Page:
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23.06.2020 Feature Article

Attorney-General Has Not Expressed Any Support for December 31st

Attorney-General Has Not Expressed Any Support for December 31st
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Regarding Prof. Stephen Asare’s suit against the continuous commemoration and celebration of the so-called December 31, 1981 Revolution, what the Attorney-General has actually said, per the news story captioned “Attorney General Supports NDC’s Celebration of Rawlings’ Overthrow of Limann” (PeaceFM.com / Ghanaweb.com 6/22/20), is that my PERSCO senior is a “Lawyer Banza,” that is, that the reliefs or grievances for which Prof. Asare filed his suit seeking to have the 31st December celebration definitively abrogated are not properly addressed in his suit. The commemoration of the overthrow of the late Dr. Hilla “Babini” Limann-led democratically elected People’s National Party (PNP) was officially proscribed by a Supreme Court of Ghana decision as far back as 1992, with the promulgation of the 1992 Republican Constitution.

But, of course, as has been expected from the date of the Apex Court’s proscription, the scofflaw pack of hoodlums that constitutes the leadership of the Jerry John Rawlings-founded National Democratic Congress (NDC) has flatly refused to budge. Which, in effect, ought to throw the validity of the Indemnity Clauses that granted the leadership of the erstwhile Provisional National Defense Council (PNDC) a priori exculpation into question, as the validity of the Indemnity Clauses, per force, is inextricably interlinked with the cessation of the celebration of a political act of immitigable criminality that caused hundreds of thousands of innocent Ghanaians, mostly defenseless civilians, to lose their lives. This is the crux of the argument of those who insist that the commemoration and celebration of the second Chairman Jerry John Rawlings’ coup d’état be stopped.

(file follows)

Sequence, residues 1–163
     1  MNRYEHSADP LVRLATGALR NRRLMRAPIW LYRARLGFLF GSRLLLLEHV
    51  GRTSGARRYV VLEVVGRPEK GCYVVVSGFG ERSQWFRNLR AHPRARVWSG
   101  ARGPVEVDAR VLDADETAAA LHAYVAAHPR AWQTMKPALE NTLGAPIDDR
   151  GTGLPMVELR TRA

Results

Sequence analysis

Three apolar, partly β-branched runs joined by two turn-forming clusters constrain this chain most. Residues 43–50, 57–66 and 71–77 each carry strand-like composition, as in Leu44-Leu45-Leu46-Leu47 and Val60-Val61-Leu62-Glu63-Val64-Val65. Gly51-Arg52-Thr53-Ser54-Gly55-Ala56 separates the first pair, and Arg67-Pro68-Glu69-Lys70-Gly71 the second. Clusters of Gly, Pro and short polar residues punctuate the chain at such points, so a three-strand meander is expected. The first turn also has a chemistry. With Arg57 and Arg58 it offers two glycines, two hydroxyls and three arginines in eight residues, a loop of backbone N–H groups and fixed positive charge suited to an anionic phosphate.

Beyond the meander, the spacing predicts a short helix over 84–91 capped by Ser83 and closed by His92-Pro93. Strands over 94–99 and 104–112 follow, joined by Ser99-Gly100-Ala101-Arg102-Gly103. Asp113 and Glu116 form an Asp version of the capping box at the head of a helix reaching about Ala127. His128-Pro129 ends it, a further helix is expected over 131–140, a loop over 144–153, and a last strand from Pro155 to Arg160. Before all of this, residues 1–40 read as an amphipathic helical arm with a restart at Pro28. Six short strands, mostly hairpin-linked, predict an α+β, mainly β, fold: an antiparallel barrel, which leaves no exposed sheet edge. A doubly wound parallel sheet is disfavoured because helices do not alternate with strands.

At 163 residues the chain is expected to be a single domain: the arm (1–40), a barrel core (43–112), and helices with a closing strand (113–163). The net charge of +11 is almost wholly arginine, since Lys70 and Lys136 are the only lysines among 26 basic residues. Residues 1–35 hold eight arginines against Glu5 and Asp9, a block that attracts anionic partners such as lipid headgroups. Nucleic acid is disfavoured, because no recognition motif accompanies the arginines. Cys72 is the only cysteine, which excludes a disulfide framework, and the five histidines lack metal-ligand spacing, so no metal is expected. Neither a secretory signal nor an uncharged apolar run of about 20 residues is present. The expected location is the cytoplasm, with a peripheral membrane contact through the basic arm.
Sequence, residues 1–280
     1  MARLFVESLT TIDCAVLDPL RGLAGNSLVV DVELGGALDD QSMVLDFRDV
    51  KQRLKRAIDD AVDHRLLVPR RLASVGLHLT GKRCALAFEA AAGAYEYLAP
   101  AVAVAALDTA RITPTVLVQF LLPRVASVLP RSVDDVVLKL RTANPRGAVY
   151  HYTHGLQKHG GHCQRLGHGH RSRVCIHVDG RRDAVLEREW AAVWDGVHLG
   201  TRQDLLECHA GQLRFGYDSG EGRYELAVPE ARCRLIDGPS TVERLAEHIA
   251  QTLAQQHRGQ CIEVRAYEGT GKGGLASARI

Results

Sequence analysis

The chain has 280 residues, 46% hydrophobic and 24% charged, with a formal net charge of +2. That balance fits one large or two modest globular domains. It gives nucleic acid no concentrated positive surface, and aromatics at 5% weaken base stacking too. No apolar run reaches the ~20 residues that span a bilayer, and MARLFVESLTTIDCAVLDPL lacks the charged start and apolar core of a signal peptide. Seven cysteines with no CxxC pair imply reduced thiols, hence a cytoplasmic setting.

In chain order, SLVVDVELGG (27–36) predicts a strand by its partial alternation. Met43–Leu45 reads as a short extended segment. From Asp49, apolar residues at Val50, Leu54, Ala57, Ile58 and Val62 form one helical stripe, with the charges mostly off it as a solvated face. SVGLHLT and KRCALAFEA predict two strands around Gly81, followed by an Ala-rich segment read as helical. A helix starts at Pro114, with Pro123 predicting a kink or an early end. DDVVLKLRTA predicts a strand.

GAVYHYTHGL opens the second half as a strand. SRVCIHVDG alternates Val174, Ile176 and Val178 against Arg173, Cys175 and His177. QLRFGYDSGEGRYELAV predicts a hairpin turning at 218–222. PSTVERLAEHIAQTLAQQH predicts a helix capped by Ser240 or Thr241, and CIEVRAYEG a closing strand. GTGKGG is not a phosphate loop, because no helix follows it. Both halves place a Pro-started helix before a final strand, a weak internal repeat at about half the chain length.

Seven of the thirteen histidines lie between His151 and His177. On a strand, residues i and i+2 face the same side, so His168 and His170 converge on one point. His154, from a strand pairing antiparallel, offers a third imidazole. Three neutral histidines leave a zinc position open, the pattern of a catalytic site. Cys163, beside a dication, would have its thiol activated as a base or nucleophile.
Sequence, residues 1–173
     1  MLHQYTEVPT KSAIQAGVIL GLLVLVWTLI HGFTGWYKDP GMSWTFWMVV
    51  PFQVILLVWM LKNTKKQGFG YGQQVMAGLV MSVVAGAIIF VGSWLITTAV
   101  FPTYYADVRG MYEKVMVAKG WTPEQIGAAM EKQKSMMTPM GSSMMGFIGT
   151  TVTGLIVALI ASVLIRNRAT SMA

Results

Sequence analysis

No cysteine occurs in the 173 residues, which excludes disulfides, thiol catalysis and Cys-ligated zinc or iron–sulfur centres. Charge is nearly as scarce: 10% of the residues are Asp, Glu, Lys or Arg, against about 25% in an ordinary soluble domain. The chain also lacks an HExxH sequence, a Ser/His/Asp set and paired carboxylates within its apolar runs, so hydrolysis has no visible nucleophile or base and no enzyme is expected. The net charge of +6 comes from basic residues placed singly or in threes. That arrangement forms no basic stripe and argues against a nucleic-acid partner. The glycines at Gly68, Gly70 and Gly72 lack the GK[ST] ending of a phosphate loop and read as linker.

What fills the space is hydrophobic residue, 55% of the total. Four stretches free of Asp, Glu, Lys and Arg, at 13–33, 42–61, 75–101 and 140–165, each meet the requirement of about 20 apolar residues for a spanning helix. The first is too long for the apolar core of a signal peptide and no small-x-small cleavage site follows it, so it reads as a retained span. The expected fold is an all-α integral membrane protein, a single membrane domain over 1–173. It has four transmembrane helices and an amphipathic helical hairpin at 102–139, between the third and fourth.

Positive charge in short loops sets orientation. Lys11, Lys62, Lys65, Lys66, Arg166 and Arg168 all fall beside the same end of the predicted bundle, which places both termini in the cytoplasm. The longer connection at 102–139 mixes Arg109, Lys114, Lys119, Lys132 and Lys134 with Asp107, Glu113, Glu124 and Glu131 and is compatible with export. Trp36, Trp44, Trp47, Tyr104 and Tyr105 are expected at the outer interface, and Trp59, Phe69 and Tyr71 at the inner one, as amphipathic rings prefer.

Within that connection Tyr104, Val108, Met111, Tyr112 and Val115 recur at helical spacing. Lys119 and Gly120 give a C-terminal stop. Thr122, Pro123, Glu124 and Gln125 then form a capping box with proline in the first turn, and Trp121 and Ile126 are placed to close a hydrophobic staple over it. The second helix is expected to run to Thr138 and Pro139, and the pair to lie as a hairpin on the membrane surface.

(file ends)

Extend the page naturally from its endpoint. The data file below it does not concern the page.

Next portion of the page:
There is also the other aspect of the commemoration of the so-called 31st December Revolution that regards the illegal use of public spaces, like parks and stadia and auditoriums at absolutely no charge or cost to the celebrants. In other words, organizers of the 31st December Burlesque, as it were, must be made to pay for their annual usage of taxpayer and/or state-owned facilities and spaces, as if such usage was for private purposes, which, by law, it definitely is. That would mean and/or imply that any security services that are engaged or requested by the celebrants, such as the use of personnel from the Ghana Police Service (GPS), must be paid for by the leadership of the National Democratic Congress out of their own private fiscal means, not from funding solicited as part of the membership dues of the National Democratic Congress, since this would be tantamount to a breach of Political Party Laws. Legally speaking, as well, 31st December is not a public holiday.

Ultimately, what is clearly at issue here is the fact of whether the commemoration of the 31st December Military Massacre of innocent civilians and the abrogation of Ghana’s 1979 Republican Constitution can be observed without invalidating the Indemnity Clauses inserted into the 1992 Constitution at the same time.

*Visit my blog at: KwameOkoampaAhoofeJr

By Kwame Okoampa-Ahoofe, Jr., PhD

English Department, SUNY-Nassau

Garden City, New York

June 23, 2020

E-mail: [email protected]

Kwame Okoampa-Ahoofe, Jr., Ph.D.
Kwame Okoampa-Ahoofe, Jr., Ph.D., © 2020

The author has 5282 publications published on Modern Ghana.Column: KwameOkoampaAhoofeJr

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